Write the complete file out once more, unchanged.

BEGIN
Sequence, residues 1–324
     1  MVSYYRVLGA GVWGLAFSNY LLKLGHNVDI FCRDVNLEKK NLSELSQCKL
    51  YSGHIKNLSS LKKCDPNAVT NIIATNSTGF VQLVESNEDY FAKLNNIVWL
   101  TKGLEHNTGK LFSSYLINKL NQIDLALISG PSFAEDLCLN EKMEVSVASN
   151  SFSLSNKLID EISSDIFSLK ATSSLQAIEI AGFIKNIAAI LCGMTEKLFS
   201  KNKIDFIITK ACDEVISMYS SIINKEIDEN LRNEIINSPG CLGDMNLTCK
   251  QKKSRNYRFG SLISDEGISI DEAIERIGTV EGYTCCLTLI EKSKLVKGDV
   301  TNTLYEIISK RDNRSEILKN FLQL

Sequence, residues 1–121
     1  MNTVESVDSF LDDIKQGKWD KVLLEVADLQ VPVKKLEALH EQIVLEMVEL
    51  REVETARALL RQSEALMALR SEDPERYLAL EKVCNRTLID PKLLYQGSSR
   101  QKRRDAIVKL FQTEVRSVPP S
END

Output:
Sequence, residues 1–324
     1  MVSYYRVLGA GVWGLAFSNY LLKLGHNVDI FCRDVNLEKK NLSELSQCKL
    51  YSGHIKNLSS LKKCDPNAVT NIIATNSTGF VQLVESNEDY FAKLNNIVWL
   101  TKGLEHNTGK LFSSYLINKL NQIDLALISG PSFAEDLCLN EKMEVSVASN
   151  SFSLSNKLID EISSDIFSLK ATSSLQAIEI AGFIKNIAAI LCGMTEKLFS
   201  KNKIDFIITK ACDEVISMYS SIINKEIDEN LRNEIINSPG CLGDMNLTCK
   251  QKKSRNYRFG SLISDEGISI DEAIERIGTV EGYTCCLTLI EKSKLVKGDV
   301  TNTLYEIISK RDNRSEILKN FLQL

Sequence, residues 1–121
     1  MNTVESVDSF LDDIKQGKWD KVLLEVADLQ VPVKKLEALH EQIVLEMVEL
    51  REVETARALL RQSEALMALR SEDPERYLAL EKVCNRTLID PKLLYQGSSR
   101  QKRRDAIVKL FQTEVRSVPP S